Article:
This week, we present a series of longer pieces unraveling the histories of storied buildings.
Buildings repurposed as churches always attracted the legendary writer Joseph Mitchell, including one particular Williamsburg building that never made it into his New Yorker columns. “I find myself standing in front of and looking up at [it] several times a year—I have never been able to figure out why,” he admitted in his unpublished memoirs. To Mitchell, the mystery of the old Williamsburg Trust Company on South Fifth Place between South Fifth Street and South Fourth Street was most alive in the summer dusk when it transformed into “the quarter of St. Petersburg in which Raskolnikov killed the old moneylender woman and her half sister.”
This once revered “banking temple” greets everyone who arrives in Brooklyn from Manhattan by way of the Williamsburg Bridge. In a neighborhood gritty from the hub of trains, cars and buses that meet near the bank of the East River, it still stands as a vision of white opulence with the curious oddity of a cross at the top of the dome and its main portico, signifying the Holy Ukrainian Autocephalic Orthodox Church in Exile, which has occupied the building since 1961.
Before that, from 1915 to 1958, the city used it as the Williamsburg Magistrates’ Court. And yet, despite its disparate array of inhabitants, little change is visible on the building itself—below the cross, the Williamsburg Trust Company logo is still visible in the shadows of the columns. Behind the building’s august exterior, behind its dignified saucer dome and neoclassical pillars, fraud and financial debauchery once reigned, followed by decades of repentance and spiritual redemption. Raskolnikov might not have committed homicide here, but the building is home to a 110-year-long history of financial battle, court fight and the church’s battle this year against New York City landmark status.
The story begins with John G. Jenkins, Sr., a native Brooklynite, who rose from a $6-a-week clerk to president of the First National Bank in Williamsburg in 1883, which was located at the intersection of Kent Avenue and Broadway. Just five years later, while still at the First National Bank, he created the Williamsburg Trust Company, which, by 1906, occupied the structure we see today. The eminent architectural firm of Helmle, Huberty & Hudswell designed it, the same company behind the boathouse in Prospect Park. Their work on the Williamsburg Trust Company was an exemplar of early 1900s Beaux Arts. Newspapers lauded it as “a handsome new building” and likened it to the Pantheon.
John Sr. was not the only Jenkins seduced by the financial world. Taking cues from their father, three of John Sr.’s sons—John Jr., Frank and Frederick—opened the Jenkins Trust Company in 1905. Together, the family and their three institutions contributed largely to growing a banking center in Williamsburg, along with its financial branches in Downtown Brooklyn.
At the time, the Jenkinses were legends—“public models of honor, integrity, ability and immaculateness of character,” according to the Brooklyn Daily Eagle. But while John, Sr. was a kingpin of banking and generally held the community’s respect, not everyone was satisfied with his practices. As the Eagle euphemistically reported after John Sr.’s death, “for some time he had shown evidences of eccentricity.” In May 1907, the directors at the bank John, Sr. presided over, the First National Bank, quit in protest after he forced the ouster of his cashier, Isaac Hamburger. When the Eagle asked for an explanation, John, Sr. shot back that “this neighborhood over here was filling up with Jews […] and I had the idea that by putting one of them in as cashier, we might get their business.” His complaint? “Hamburger didn’t bring in a single one.”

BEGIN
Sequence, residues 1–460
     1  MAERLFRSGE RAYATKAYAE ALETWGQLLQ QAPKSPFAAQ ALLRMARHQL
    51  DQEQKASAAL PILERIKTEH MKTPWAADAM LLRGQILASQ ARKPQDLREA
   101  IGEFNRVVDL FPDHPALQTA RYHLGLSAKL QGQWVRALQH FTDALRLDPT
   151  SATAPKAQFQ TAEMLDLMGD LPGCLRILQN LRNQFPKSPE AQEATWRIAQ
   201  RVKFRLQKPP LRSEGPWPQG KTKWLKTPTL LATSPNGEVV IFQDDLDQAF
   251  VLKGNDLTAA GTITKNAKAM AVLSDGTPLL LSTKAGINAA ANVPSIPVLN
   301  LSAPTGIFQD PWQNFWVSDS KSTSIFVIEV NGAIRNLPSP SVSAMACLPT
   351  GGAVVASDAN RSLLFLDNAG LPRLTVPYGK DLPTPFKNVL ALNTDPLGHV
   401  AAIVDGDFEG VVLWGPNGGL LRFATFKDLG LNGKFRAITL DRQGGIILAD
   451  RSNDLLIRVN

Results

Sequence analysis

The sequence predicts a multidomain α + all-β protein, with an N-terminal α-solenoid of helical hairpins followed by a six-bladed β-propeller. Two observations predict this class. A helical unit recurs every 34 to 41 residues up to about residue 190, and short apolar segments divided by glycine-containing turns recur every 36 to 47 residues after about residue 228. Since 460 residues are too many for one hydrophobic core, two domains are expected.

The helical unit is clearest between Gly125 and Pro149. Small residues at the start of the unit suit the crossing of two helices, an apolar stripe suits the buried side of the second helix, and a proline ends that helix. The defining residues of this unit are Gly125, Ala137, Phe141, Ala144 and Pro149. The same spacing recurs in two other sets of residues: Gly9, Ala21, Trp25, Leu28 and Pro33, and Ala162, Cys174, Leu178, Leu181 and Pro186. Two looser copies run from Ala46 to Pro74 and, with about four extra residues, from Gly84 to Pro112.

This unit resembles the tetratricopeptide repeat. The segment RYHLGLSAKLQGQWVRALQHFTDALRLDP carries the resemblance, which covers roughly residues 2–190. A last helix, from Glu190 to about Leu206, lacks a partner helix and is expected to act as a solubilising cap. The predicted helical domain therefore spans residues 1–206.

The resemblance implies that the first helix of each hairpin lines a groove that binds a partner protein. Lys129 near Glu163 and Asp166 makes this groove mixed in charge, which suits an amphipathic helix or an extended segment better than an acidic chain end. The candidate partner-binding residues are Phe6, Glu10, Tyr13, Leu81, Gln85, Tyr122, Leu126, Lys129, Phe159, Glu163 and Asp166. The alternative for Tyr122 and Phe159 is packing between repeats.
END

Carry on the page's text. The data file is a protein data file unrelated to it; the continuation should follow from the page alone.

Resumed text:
The events that May hinted at troubles ahead for the Jenkinses. In time, as the biographer of the Jenkins family and Brownstoner columnist Suzanne Spellen writes, the Williamsburg Trust Company and the Jenkins banks “became architectural monuments to hubris and defeat.”
In the late 1800s and early 1900s, the Jenkinses strategically piggybacked on the banking boom spreading across the United States that began after the Civil War. Only a few years into the 20th century, the collapse of major markets like copper, huge fines slapped onto Standard Oil, and loss of money during the 1906 San Francisco earthquake shook this already fragile banking system, eventually culminating in the Panic of 1907. With no central bank from which to borrow funds, the less equipped banks, like those of the Jenkinses, scrambled to borrow from the more stable institutions and depositors hurried to withdraw their accounts.
On October 26, 1907, the Jenkins Trust’s secretary, William A. Conklin, told the New York Times that “the company’s fiscal condition is as favorable as could be desired, but as currency is so scarce we have decided to close temporarily”—the company couldn’t keep up with the high rate of heavy withdraws that depositors were demanding. Still, the Times reported that the majority of people believed the situation would improve “in a few days,” and that the banks “would reopen in unimpaired condition.”
Indeed, the banks did resume operations a few days later, but the panic did not subside. Bank owners hastened to save their companies and their dignity. In the midst of the chaos, investigators unveiled that one of John Sr.’s friends, fellow banker and the president of the Borough Bank of Brooklyn, Howard Maxwell, had taken out a large personal loan from his own bank and failed to repay it. Maxwell spent two days and nights at Raymond Street Jail in Fort Greene until he could secure funds for his $30,000 bail. Upon his return home, Maxwell ran a bath, took a penknife and two razors and slit his wrist to the bone and then his throat. Traumatized, his wife subsequently went insane.